Internet of Things Patterns
This is an excerpt of the pattern that was first published in [1].

Automatic Client-Driven Registration

Icon of the Automatic Client-Driven Registration pattern

To make itself known to its communication partners, a device initiates a registration process: It calls a registration API on the backend server and supplies required information about itself. From this information, a device model instance is created and stored on the backend server for future reference.


Self-registering Devices


Some devices should be connected to a backend server. Often, the backend server has to allocate resources for each device, for example, communication queues or storage space for stored events.


Usually, many devices will be connected to one backend server, but for security or privacy reasons and to prevent misusage not any device should be able to connect at will. Some information about the authorized devices has to be known to the backend in order to be able to contact and manage them. How can this be done if the devices are autonomous and very dynamic?


  • Scalability: In some cases, a large number of devices might be intended to connect to one backend server. Allocating the necessary resources and managing the registration by hand would involve a lot of work.
  • Dynamics: Devices might move between locations and backend servers in a very dynamic fashion. Managing these changing associations manually would be a lot of work or even impossible in highly dynamic scenarios.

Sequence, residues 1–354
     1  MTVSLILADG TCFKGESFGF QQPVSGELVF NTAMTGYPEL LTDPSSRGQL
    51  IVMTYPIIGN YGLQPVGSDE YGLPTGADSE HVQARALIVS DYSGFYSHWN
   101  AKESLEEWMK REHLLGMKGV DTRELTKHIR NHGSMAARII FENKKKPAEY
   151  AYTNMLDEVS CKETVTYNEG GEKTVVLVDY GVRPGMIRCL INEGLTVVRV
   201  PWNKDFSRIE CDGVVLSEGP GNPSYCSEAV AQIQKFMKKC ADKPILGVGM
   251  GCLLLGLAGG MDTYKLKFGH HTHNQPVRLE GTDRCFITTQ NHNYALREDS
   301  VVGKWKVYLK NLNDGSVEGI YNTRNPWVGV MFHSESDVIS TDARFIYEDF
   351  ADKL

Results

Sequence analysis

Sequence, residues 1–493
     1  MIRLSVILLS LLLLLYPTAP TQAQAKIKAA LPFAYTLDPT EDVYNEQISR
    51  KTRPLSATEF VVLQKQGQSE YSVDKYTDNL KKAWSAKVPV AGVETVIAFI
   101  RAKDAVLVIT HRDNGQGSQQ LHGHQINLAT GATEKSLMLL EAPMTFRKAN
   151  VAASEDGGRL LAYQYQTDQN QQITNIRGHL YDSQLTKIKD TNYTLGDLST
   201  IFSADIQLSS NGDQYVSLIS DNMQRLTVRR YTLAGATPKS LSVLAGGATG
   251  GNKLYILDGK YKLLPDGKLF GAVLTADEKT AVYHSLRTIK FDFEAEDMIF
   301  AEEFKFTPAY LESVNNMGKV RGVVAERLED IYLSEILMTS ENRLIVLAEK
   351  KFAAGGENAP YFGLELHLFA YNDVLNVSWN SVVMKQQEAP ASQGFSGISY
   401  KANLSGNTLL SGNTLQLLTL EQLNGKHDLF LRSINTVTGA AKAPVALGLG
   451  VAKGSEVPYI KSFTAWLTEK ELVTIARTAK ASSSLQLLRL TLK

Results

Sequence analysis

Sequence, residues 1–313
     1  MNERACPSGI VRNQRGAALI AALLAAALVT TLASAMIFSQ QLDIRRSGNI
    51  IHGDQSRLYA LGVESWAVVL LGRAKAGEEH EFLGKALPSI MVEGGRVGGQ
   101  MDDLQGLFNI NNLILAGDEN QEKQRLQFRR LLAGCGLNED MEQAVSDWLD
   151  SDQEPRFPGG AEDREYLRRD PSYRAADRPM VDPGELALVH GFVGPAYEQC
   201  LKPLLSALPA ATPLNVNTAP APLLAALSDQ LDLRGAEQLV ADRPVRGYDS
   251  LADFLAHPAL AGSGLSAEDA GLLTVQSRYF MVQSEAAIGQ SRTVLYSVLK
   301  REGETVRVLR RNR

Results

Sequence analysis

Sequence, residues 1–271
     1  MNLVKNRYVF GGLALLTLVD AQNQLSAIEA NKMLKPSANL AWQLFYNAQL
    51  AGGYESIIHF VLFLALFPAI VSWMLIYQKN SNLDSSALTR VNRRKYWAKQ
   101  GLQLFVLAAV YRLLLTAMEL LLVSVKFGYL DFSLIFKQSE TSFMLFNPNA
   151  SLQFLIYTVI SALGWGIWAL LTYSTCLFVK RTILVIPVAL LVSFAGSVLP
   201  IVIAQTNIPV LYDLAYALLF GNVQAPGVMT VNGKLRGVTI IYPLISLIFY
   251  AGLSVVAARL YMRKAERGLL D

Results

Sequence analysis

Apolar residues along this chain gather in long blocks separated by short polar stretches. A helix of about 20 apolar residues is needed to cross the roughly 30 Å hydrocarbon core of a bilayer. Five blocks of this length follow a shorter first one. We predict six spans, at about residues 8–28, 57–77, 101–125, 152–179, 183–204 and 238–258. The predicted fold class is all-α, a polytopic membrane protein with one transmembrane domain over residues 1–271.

• Security: Not every device should be allowed to connect to a specific platform. There have to be some rules that govern which devices are allowed.


Allow unknown devices to register themselves at the backend server via an API. The devices should provide at least a minimal set of metadata in the API call for successful registration. This should include the device id, details on how to communicate with the device, and some kind of authentication information, such as a token. Check the metadata to prevent illegitimate registration attempts, for example by comparing metadata against a list of allowed values or by validating the authentication information. If successful, place this metadata in a Device Registry so that the device can be identified later on.

Solution sketch of the Factory Bootstrap pattern

Solution Details:

This is an excerpt of a previously published pattern. The full pattern can be found in [1].



Related Patterns:

Known Uses:

  1. L. Reinfurt, U. Breitenbücher, M. Falkenthal, F. Leymann, and A. Riegg, “Internet of Things Patterns for Device Bootstrapping and Registration,” in Proceedings of the 22nd European Conference on Pattern Languages of Programs (EuroPLoP), New York, NY, USA, 2017. Available at